Health Ask The Expert
Children and Heart Concerns: Answers from Pediatric Cardiologist Shelby Kutty
Does your child have a heart problem? Shelby Kutty, director of Pediatric Cardiology at Johns Hopkins Children’s Center, discusses the signs and symptoms of heart disorders in children, and when parents need to be concerned.
What are the signs of heart problems in children and adolescents?
In watching out for signs of heart problems in children, we look for different symptoms in different age groups. In infants, one sign can be difficulty with feeding, or not growing well, what we call "failure to thrive."
Also, at times, babies with heart problems may experience breathing difficulties — they may breathe rapidly or have to work harder to breathe. A baby with a heart condition may have poor color and appear pale, blue or gray, or seem lethargic.
How about heart symptoms in toddlers?
Concerns for toddlers with an underlying heart condition include poor color and swelling, typically in their face and not their extremities. A less common sign of a heart problem in this age group is failure to thrive, though it can happen. Toddlers with a serious underlying heart disorder may experience breathing problems and fatigue, or difficulty keeping up with other kids their age when playing. Among the most concerning signs in toddlers is syncope, or passing out.
And in school-aged children or adolescents?
Older kids, who can verbally communicate concerns, may complain of chest pain or abnormalities in their heart rhythm, like a rapid or irregular heartbeat. They may also say they experience shortness of breath with normal activities or exercise, and complain of dizziness. Passing out would be included in this age group, too.
Sometimes this scenario is related to something like dehydration — the teen was at the mall all day and didn’t drink any water. It’s important to stress that these symptoms could mean other things and that there might not be anything wrong, but they could be related to a heart condition, too. In such cases, parents may not be too worried but will still take the child to the pediatrician, who may then refer the child to us.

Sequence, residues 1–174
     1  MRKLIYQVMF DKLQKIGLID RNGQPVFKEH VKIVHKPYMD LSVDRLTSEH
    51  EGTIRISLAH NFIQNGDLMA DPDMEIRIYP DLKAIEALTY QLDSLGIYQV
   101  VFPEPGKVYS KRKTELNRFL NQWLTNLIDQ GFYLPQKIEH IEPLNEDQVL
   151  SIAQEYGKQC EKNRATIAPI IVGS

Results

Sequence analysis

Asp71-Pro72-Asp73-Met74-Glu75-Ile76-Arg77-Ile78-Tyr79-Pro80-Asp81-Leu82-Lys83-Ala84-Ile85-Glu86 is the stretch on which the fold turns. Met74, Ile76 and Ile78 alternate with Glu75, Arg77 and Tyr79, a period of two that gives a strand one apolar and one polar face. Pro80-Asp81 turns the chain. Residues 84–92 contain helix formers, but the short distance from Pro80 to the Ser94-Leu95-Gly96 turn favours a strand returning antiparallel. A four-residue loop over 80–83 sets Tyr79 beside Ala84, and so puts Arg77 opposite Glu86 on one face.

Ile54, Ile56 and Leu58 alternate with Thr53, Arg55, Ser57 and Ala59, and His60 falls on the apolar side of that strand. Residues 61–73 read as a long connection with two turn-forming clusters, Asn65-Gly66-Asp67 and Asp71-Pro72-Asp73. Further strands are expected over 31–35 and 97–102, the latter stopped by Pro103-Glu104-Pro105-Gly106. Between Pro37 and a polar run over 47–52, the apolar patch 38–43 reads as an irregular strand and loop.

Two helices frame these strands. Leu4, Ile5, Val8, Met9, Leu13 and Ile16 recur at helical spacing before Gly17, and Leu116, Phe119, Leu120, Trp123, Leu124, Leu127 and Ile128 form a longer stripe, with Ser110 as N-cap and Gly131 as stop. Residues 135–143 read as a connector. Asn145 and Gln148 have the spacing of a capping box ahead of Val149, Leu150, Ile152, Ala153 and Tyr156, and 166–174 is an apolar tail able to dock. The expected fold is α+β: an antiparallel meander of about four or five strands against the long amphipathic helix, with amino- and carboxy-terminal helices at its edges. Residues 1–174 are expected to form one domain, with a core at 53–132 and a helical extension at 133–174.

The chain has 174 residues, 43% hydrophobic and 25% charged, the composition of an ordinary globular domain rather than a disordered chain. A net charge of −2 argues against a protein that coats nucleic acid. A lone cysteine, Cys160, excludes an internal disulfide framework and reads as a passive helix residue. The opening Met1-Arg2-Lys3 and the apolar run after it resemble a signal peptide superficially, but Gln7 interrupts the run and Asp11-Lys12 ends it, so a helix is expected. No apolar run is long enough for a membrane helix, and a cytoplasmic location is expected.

How should parents respond? When should they be most concerned?
The more worrisome scenarios are when syncope occurs during activity without any warning, or when syncope is preceded by an abnormal heart rhythm or chest pain.
Another concern, especially with adolescents, is when the swelling is not limited to the face and appears in the abdomen and extremities too. These are the kids who probably should be evaluated in an emergency room and seen by a pediatric cardiologist.
How do pediatricians tend to manage these cases?
There are variations in pediatricians’ experience and comfort level in managing these cases. Some are just not comfortable making that decision for any complaint that could remotely be cardiac, and they send patients to us. Other pediatricians may take a less aggressive approach, create a differential of possible causes, triage the case and try some initial treatments. If they don’t work, they send the child to us.
In general, though, pediatricians are thinking about cardiac causes — our referral sources are heavily primary care physicians. They’re pretty good at detecting murmurs and getting those kids to us. If the child is otherwise healthy, in their mind, they may think this is less likely to be a pathological type of murmur and will wait a few visits to see if it persists.
For the more severe cases the pediatricians are uniformly pretty good at referring for an urgent evaluation.